Monthly Archives: October 2012



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Frankenstorm, they called it: a huge, ugly, shambling monster of a storm formed by unnatural melding of a hurricane from the southeast and a monstrous cold-air mass oozing down from the north. In the week of Hallowe’en this unholy thing staggered toward us, and we fled like frightened villagers.

As Frankenstorm approached, health and safety officers canceled classes and closed campuses. Brown University was closed on Monday, and during that afternoon a horror-film storm beg…


The Unnameable


The tradition of unsayable words or things is a long one. In Judaism, you cannot utter the name of God. In Harry Potter, you cannot utter the name Voldemort. In my household, you cannot utter the fact that my dog is not a human.

Nationally, the number of things that can’t be said appears to be growing, judging by the popularity in the last couple of decades of the tiresome locutions spawned by the f-word and the n-word. (They are so plentiful that they need a moniker; I propose “the fi…


Trick or Treat!

It’s almost the eve of All Saints’ Day, or as we call it, Halloween, when children throughout the United States ring doorbells in search of candy, raising the ancient medieval cry, “Trick or treat!”

Just one thing is wrong with that statement. “Trick or treat!” is not ancient. It’s not medieval. It’s not even early modern. “Trick or treat!” was brand new in the 20th century.

And it’s not European either. “Trick or treat!” was born and raised in North America.

Its exact origin is, for now, unknow…


Epithet of the Moment

I appear before you today to consider the inescapable epithet of the moment, at least in the realm of the youthful demotic. You cannot read the Internet, turn on Comedy Central, or eavesdrop in the student union without hearing it.

I refer, of course, to douchey, as well as to the nouns from which it sprang, douchebag and douche.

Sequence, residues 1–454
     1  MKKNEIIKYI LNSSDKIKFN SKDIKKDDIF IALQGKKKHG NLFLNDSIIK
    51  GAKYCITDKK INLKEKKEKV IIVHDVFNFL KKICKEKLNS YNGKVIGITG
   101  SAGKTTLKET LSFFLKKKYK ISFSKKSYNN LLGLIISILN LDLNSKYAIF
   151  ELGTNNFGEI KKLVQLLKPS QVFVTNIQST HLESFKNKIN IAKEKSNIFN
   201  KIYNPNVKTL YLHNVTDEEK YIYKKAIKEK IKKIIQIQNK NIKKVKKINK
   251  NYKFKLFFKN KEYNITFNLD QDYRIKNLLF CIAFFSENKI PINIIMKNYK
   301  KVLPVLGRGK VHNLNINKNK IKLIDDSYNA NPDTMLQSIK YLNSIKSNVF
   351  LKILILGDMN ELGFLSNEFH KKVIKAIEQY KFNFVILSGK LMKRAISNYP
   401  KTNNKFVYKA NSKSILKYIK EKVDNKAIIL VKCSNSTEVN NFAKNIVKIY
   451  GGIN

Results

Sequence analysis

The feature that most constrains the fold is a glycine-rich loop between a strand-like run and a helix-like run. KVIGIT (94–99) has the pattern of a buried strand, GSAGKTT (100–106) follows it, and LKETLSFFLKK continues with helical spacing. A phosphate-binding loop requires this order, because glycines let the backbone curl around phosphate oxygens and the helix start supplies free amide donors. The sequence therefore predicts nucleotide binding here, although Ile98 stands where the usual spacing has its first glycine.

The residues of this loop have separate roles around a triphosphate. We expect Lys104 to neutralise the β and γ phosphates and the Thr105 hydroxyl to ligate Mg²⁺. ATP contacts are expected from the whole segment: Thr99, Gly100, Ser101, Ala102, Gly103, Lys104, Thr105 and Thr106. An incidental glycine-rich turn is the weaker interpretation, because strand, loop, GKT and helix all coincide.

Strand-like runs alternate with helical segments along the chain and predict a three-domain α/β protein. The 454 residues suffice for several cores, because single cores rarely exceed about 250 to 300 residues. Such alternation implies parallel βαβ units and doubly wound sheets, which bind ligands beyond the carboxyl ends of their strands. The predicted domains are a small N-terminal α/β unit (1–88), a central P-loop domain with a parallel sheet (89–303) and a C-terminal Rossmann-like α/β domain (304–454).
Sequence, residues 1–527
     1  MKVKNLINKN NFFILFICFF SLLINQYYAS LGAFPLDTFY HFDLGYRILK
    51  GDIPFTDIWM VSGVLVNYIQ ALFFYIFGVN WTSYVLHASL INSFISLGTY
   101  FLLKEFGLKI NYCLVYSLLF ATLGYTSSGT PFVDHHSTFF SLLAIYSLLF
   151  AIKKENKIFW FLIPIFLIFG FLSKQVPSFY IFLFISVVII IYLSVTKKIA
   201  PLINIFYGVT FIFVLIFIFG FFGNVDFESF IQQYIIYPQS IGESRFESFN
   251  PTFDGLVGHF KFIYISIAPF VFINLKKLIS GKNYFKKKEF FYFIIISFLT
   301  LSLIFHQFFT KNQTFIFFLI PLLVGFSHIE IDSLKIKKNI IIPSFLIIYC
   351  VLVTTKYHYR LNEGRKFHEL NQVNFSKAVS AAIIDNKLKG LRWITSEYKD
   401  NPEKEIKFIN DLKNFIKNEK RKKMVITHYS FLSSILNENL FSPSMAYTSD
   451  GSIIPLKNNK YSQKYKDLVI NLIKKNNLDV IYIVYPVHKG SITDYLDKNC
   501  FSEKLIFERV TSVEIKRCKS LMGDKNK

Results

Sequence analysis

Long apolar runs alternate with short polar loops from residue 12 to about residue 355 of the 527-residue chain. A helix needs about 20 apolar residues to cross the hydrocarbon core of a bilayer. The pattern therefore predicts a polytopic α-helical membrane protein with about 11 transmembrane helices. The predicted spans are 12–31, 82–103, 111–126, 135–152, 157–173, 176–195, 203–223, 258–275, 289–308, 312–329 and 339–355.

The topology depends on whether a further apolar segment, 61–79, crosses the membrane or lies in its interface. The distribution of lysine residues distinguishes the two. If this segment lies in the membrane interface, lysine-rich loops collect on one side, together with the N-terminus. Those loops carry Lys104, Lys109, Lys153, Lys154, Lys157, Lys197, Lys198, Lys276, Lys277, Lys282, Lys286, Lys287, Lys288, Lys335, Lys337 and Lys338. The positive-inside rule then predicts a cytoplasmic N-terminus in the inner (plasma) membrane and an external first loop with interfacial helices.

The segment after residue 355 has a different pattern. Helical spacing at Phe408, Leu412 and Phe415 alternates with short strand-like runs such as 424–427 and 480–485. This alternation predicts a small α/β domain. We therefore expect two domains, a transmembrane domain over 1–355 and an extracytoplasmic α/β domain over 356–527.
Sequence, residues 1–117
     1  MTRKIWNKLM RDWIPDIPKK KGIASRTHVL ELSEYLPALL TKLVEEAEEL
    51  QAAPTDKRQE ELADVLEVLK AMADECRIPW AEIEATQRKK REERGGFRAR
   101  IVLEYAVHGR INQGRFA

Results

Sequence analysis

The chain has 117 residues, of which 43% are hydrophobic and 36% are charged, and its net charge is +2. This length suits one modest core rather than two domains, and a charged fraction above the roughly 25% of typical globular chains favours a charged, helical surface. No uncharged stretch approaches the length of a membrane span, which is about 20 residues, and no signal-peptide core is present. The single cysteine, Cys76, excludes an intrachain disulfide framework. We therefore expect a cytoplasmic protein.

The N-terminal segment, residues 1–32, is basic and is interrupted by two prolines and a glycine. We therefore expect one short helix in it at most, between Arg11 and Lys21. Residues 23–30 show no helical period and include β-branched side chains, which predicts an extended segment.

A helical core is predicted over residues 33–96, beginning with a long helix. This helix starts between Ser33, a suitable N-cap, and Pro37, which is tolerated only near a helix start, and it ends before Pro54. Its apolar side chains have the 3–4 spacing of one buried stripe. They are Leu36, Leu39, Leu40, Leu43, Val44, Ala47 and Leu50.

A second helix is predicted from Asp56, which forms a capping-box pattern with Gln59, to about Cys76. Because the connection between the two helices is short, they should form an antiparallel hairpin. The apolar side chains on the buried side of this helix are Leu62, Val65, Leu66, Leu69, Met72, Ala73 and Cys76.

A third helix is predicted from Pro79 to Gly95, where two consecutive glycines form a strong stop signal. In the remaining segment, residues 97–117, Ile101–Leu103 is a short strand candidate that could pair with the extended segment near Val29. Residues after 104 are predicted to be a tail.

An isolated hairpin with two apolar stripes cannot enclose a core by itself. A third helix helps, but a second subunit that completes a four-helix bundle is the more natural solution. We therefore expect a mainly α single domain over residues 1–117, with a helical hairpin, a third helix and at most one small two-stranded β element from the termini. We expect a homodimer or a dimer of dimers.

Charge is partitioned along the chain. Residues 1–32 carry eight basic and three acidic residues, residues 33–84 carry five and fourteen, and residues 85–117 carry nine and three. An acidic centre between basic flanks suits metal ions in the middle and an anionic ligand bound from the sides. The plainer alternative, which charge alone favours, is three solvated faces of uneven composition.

The “douchey boyfriend” meme


Last year saw the publication of The Rogers & Littleton Guide to America’s Douchiest Colleges. (Winner: Cornell.) A comparatively…


How to Talk Presidential

 A president of the United States has to have two voices: dignified and down to earth.

Blame it on George Washington. And on Andrew Jackson. If you want to sound presidential, you need at least two styles of speaking.

Washington came first. At a time when nearly every country in the Western world was led by a hereditary ruler, the brand-new American republic was taking the bold step of doing without a monarch. Could an untitled citizen equal the majesty of kings and emperors?

Washington could. T…


Dis and Dat

I’ve just finished grading my first set of persuasive essays this term. True to form, about two-thirds of them ran into trouble, or exposed the trouble into which they’d run, with an unreferenced demonstrative pronoun, usually “this.” A quick sampling, with identifying markers removed:

  1. Because Character A, who loves him, is not aware of her own potential, she is more desirable to Character B who is able to use this to his own benefit.
  2. Critic X’s ideas are particularly applicable when examinin…

Queen Charlotte Meets Haida Gwaii

Queen Charlotte

In Prince George, British Columbia, poetry readings are raucous and well-attended.  Five hundred miles north of Vancouver, P.G. is a first giant step on the way to the Alaska Highway or to the coast at Prince Rupert, or to the Peace River country.  You never know where poetry’s going to find a place to flourish. I read at the College of New Caledonia and the next night Sarah de Leeuw read at Books & Co.; we’d not met before but we came to each other’s events and, at the books…


Illegal Immigrants and Marine Biologists

Jose Antonio Vargas, Pulitzer prize-winning reporter and pro-immigrant activist, was here at Brown University last week giving a lecture. In 2011 he outed himself as a person who (as he discovered during his teenage years) immigrated from the Philippines without obtaining the legal right to remain. He has been campaigning to get news organizations to ditch the phrase illegal immigrant. He thinks it is inaccurate, improper, and demeaning. The putative point (discussed by Lawrence Downes here) is …


What Words to Say, What Sort of Person to Be

Mark Bauerlein, in a recent post on our sister blog The Conversation, made an interesting remark about a couple of students who defended their use of a certain obscene expletive in class:

I was astonished to hear two of the brighter students in the class arguing for its use as a singularly expressive token. When I raised the issue of propriety, they claimed that any stigma was just a generational thing, and that when their generation matures, the F-word and other expletives will have normal stat…


Albert in a Can, Women in Binders

The joke is an old one.

Boy on telephone: “Do you have Prince Albert in a can?”

Tobacconist: “Yes, we do.”

Boy: “Well, you’d better let him out before he suffocates!”

Readers of Lingua Franca will recall that Albert was a noble gentleman married to the queen of England. Fewer readers might know that Prince Albert is a popular brand of tobacco. Fewer still might recognize the designation tobacconist (purveyor of an addictive herb), a professional term now as rare as cooper or  carter or candlesti…